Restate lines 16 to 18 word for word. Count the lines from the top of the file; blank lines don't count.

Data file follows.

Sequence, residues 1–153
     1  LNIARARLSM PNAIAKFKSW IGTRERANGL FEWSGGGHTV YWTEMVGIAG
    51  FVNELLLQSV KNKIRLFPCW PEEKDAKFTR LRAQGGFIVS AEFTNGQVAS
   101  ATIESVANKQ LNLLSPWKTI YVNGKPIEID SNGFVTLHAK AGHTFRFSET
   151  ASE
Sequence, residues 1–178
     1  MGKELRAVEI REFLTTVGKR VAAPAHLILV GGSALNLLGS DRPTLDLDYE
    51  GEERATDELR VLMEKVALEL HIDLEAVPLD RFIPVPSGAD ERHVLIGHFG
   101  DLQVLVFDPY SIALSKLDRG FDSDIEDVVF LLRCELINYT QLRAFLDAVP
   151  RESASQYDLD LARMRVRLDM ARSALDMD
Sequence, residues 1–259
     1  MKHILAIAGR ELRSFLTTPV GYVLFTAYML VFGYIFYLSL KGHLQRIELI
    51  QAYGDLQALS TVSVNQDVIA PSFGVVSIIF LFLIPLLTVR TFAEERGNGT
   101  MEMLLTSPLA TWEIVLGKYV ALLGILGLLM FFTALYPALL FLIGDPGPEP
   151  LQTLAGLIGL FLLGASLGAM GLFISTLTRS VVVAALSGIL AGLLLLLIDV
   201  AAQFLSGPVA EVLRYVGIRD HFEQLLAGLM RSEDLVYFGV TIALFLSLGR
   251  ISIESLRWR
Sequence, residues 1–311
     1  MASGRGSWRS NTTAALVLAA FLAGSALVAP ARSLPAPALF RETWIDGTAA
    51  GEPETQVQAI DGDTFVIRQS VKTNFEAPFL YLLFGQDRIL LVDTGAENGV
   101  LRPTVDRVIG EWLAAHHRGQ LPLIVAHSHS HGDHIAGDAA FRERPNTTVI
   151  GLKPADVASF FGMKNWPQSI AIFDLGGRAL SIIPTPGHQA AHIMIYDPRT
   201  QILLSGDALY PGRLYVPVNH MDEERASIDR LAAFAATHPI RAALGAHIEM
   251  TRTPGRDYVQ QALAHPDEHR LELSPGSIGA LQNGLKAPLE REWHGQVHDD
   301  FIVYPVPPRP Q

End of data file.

   201  AAQFLSGPVA EVLRYVGIRD HFEQLLAGLM RSEDLVYFGV TIALFLSLGR
   251  ISIESLRWR
Sequence, residues 1–311